Earl Cameron, CBE
Pioneering actor
Born August 8, 1917

Bermuda-born actor Earl Cameron made his name in film as Britain’s first black star. During a career spanning more than 60 years, he appeared in countless films, winning plaudits both for his acting and his positive portrayals of black characters.

His breakout role was in the 1951 film Pool of London. Roles in films such as Simba, Guns at BatashiSafariThunderball and Sapphire would follow. He worked in radio and television in the UK, and also appeared in US films.

He took a break from acting for 15 years when he moved to the Solomon Islands, but resumed his career upon returning to the UK. He enjoyed film roles (The QueenThe Interpreter and Inception) into his 90s.

He was showered with awards in the UK and was also recognised in Bermuda.  In 2012, City Hall Theatre was renamed Earl Cameron Theatre and he was honoured by the Bermuda government on his 100th birthday.

His death at age 102 led to a slew of tributes. His obituary ran in numerous publications, both in the UK and the US, an indication of his trailblazing legacy.


 

 

Slavery is abolished
August 1, 1834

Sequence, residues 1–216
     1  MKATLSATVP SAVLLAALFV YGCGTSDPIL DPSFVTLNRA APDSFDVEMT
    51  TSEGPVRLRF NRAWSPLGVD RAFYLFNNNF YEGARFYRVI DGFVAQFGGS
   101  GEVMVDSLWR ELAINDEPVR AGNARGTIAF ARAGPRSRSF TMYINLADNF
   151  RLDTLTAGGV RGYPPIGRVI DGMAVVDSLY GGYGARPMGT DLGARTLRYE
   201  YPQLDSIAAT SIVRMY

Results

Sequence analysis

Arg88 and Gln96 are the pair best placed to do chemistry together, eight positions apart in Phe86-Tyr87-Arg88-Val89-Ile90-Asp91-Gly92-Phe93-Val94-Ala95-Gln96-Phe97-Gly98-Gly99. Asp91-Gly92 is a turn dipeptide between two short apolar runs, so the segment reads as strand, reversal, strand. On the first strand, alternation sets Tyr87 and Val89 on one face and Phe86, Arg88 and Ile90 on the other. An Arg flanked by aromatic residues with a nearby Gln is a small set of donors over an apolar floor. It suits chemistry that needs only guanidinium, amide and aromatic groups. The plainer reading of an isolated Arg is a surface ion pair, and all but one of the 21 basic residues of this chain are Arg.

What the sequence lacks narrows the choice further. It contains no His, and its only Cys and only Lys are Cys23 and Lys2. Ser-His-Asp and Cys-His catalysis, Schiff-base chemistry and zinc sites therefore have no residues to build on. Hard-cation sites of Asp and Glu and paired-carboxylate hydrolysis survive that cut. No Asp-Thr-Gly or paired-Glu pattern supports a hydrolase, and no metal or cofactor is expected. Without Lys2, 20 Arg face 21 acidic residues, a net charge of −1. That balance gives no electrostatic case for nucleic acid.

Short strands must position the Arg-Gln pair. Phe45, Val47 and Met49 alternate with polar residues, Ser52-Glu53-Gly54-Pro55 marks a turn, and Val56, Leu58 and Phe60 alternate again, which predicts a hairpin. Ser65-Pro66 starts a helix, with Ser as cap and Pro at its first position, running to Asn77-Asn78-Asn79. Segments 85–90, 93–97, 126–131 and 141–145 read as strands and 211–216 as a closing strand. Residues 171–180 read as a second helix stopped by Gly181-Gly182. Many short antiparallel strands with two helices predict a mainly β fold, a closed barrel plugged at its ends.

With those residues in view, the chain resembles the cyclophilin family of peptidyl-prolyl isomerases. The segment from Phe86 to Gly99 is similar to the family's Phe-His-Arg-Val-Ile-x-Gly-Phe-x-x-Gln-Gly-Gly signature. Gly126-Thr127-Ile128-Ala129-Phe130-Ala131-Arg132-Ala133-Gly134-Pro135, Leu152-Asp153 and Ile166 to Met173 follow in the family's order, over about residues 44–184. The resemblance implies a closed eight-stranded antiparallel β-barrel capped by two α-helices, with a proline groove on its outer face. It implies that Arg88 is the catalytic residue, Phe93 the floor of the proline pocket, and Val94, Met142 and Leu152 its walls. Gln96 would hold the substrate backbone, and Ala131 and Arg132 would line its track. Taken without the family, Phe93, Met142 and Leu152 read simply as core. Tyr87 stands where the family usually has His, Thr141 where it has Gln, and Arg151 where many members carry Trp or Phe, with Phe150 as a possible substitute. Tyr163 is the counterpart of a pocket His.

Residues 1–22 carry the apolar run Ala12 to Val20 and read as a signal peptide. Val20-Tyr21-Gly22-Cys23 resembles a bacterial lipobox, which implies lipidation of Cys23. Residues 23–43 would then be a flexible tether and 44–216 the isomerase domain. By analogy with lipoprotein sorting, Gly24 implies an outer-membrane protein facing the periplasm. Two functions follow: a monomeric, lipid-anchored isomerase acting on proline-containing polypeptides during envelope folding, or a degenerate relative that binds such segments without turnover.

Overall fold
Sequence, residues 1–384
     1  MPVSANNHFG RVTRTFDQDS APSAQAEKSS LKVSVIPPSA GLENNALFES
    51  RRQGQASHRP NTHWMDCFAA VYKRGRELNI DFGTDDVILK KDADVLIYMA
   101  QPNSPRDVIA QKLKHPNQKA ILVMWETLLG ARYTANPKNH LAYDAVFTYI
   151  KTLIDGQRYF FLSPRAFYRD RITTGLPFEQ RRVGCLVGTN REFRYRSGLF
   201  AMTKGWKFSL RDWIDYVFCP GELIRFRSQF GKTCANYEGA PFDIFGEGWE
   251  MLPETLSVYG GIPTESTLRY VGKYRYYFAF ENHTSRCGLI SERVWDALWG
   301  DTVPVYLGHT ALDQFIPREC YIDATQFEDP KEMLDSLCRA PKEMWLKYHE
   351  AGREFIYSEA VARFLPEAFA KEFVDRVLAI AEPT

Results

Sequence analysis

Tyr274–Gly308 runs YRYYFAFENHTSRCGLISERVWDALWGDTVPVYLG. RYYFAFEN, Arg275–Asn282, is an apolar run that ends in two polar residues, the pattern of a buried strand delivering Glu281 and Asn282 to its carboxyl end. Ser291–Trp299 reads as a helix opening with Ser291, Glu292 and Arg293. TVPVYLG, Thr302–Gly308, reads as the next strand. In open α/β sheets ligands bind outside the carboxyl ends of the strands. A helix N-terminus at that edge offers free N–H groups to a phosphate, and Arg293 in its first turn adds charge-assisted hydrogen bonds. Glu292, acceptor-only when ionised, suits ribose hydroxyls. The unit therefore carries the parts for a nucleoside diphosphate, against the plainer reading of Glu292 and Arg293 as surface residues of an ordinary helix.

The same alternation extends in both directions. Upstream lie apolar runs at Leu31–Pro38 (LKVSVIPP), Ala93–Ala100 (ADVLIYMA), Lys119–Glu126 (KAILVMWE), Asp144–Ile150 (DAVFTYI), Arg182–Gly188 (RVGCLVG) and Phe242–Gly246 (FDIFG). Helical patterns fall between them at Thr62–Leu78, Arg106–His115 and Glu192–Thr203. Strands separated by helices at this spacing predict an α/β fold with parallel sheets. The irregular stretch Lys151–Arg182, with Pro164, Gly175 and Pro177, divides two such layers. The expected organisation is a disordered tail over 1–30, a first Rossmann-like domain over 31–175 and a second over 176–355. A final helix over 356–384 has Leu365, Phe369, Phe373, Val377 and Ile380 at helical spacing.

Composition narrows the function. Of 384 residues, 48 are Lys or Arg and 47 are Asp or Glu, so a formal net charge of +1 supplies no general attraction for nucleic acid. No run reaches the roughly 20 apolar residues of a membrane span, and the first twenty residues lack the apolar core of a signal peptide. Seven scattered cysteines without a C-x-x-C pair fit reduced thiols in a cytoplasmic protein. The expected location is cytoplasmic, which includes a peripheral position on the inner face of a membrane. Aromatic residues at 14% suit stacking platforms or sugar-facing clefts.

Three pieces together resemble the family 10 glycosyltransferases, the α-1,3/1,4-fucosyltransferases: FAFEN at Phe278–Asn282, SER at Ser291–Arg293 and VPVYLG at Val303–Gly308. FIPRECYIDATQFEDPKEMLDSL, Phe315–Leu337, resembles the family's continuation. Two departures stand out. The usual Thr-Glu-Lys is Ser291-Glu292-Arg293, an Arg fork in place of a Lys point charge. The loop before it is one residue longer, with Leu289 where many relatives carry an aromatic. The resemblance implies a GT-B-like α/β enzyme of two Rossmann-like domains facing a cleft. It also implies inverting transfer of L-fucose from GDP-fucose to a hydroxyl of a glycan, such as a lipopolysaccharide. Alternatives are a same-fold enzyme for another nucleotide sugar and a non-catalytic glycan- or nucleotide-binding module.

Freedom came to nearly 4,000 enslaved people in Bermuda on August 1, 1834. It occurred a year after the British Parliament passed the Abolition of Slavery Act, which freed slaves in all British territories, mostly in the Caribbean, but also in the Cape of Good Hope, South Africa and Mauritius.

Slaveholders received financial compensation for the loss of their slaves from a £20 million fund established by the British Government, but there was no similar payout to the enslaved. Today, this inequity has led to calls by activists and political leaders in the Caribbean and beyond for reparations. 

In Bermuda, laws aimed at diluting blacks’ political power were passed in the aftermath of Emancipation. The property qualification for voters was increased from £30 to £60—and remained in effect until 1963. 

Still, Emancipation was cause for celebration. While many whites expressed fears that blacks would riot, Emancipation Day was a day of reflection and quiet celebration. Churches were filled, from Somerset to St. George’s, including Cobb’s Hill Church in Warwick, which was built by the enslaved. More than 400 worshippers packed St. John’s Church in Pembroke. 

On Emancipation Day, black Bermudians packed churches including Cobbs Hill Methodist Church in Warwick which was built by enslaved people. 


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